Of course, part of the fun of Columbo was watching some excellent guest stars almost get away with murder. There's a mix of TV stars of the era and older movie stars -- Robert Culp, Ray Milland, Jackie Cooper, Anne Baxter, Julie Newmar, Leonard Nimoy and many others. And they usually had good material to work with.

To top it all off, the series had excellent music, with a theme composed by Henry Mancini.

I watched one of the best I've seen so far a couple of days ago -- "Double Shock," from the second season. It stars Martin Landau as twin brothers who are as different as night and day, except for their mutual need for cash. Columbo steps in to investigate when their wealthy uncle is murdered. It's very good and kept some surprises for the end. And this was one of the episodes written by Steven Bochco (who created Hill Street Blues, another excellent cop show).

So, if you want to get the most out of your Netflix subscription and have a reasonably fast internet connection, enjoy some episodes of this classic mystery series. (And if you don't subscribe to Netflix, see if you can track down some DVDs of the series. It's definitely worth it.)

[Maybe this doesn't have a whole lot to do with the mystery novel I'm supposed to be revising this month, but I figure watching good mysteries from time to time is always good research. At least that's what I keep telling myself.]

Sunday, February 01, 2009

February is for ...

Writing. A friend of mine here likes to tackle a NaNo-like task (that's 50,000 words in a month) during February instead of November. A few of us have joined her in the effort this year and so today I'm starting a major rewrite of Secrets in Connors Grove. (That's the novel I wrote about 5 years ago and have fiddled around with off and on since then.)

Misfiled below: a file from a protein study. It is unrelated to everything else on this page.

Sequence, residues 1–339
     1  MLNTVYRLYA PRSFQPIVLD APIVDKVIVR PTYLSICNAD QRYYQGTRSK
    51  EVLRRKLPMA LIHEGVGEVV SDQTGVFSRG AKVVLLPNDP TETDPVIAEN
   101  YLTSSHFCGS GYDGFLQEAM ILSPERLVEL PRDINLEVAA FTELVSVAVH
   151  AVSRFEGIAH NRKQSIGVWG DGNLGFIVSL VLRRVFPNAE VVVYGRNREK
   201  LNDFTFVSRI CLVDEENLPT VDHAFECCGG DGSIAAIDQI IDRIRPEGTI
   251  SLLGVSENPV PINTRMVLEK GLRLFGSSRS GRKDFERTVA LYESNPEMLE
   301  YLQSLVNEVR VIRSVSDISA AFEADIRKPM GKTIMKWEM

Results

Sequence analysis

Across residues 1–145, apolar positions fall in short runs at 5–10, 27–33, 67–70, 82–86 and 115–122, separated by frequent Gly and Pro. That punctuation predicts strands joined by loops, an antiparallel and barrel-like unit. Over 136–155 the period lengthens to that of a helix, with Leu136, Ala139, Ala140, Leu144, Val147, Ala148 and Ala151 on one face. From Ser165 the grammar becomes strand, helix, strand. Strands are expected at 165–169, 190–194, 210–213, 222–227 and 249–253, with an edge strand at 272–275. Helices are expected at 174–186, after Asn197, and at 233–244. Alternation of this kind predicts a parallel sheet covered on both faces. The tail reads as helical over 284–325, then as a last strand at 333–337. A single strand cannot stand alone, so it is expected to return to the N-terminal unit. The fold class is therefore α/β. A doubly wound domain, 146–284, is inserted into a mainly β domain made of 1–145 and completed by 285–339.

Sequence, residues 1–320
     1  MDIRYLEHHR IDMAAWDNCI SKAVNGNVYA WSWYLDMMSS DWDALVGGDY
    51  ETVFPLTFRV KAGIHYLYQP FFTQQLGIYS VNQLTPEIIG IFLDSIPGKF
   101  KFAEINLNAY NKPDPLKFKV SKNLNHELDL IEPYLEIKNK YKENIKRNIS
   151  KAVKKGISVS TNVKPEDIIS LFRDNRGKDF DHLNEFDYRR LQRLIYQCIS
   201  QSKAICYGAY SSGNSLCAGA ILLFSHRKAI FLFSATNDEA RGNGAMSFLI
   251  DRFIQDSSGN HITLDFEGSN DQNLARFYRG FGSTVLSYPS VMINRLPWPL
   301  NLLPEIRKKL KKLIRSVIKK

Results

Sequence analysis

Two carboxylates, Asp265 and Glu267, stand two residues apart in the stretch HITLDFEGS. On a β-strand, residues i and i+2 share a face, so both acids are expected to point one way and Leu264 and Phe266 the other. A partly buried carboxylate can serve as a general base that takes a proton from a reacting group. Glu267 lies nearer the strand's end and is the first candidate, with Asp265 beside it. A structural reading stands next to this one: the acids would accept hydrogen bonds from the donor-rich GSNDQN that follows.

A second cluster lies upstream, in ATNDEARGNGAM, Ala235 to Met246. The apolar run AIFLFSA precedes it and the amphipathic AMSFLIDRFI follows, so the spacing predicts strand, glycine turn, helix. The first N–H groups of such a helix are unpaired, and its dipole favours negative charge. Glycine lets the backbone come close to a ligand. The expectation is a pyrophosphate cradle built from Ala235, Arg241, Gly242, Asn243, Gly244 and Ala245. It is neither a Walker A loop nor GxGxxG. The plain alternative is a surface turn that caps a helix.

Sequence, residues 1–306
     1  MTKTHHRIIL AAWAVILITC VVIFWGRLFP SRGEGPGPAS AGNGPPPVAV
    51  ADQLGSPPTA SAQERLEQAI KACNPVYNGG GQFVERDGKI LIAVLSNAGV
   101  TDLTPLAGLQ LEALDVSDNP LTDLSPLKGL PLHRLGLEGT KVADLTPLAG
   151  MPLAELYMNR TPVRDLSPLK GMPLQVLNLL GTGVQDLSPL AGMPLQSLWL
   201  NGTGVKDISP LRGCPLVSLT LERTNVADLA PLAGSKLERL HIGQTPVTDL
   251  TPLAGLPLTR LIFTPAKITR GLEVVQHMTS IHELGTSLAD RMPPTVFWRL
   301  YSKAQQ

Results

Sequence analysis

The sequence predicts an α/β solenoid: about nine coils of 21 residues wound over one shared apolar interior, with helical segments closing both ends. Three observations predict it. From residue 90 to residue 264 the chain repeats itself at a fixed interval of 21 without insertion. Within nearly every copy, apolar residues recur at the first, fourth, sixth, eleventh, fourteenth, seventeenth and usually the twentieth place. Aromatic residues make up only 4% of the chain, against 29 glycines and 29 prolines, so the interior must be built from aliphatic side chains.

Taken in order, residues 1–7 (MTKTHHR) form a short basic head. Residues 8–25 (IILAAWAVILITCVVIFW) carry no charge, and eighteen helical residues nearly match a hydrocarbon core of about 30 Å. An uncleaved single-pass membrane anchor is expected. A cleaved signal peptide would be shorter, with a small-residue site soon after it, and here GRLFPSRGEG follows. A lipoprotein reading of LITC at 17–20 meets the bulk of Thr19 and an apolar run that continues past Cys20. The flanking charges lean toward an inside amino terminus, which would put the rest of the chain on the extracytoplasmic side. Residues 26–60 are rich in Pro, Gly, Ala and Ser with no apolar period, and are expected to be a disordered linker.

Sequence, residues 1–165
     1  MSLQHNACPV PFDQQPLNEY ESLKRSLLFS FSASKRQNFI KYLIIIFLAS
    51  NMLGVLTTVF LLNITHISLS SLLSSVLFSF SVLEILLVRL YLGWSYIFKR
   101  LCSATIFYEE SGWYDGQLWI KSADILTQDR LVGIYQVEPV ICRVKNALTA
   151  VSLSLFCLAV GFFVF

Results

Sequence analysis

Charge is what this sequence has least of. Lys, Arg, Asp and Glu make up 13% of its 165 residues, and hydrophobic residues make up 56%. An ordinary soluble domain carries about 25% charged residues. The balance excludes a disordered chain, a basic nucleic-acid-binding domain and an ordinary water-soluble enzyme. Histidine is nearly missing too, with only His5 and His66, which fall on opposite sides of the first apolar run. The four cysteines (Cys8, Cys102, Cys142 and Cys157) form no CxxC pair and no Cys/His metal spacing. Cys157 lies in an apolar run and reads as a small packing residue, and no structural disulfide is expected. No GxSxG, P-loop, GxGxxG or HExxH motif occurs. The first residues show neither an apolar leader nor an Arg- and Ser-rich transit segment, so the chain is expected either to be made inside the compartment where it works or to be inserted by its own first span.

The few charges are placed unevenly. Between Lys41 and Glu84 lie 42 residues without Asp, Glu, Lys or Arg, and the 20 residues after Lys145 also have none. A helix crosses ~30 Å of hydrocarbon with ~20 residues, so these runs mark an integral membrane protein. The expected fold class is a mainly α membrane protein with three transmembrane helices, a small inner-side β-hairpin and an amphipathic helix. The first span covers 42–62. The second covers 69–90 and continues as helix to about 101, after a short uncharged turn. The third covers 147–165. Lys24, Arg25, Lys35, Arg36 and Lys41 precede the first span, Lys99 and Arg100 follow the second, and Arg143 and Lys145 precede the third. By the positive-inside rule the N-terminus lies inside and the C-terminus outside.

I haven't done much writing for several months, but I want to get back into the groove again. I'm rusty and I figure 28 days of steady effort should help. I know this novel can be better than it is -- the characters need to be more real, the conflict needs to be less contrived, and the story can be tighter. I think I am a better writer than I was 5 years ago, so we'll see what I can do with it.

I may or may not post some word counts. We'll see.

Tuesday, January 27, 2009

Blog Tour: Parting the Waters

Jeanne Damoff's book, Parting the Waters, is a wonderful testimony to a family's journey of faith. I've known Jeanne through the Faith in Fiction community and her regular posting at The Master's Artist, so I knew a bit of the story of her son Jacob. But in her book, she tells of Jacob's near-drowning and long recovery in more detail. And what struck me as I read it the other night (yes, in one sitting) was that it was not a kind of movie-of-the-week story for Christians. It's a story of a family dealing with tragedy and asking the hard questions about how God could let such a thing happen and facing their own grief for the future that was forever altered. Jeanne doesn't gloss over their doubts and fears. But she also shows how they do come to see how God works in surprising and even miraculous ways and can give thanks for his goodness.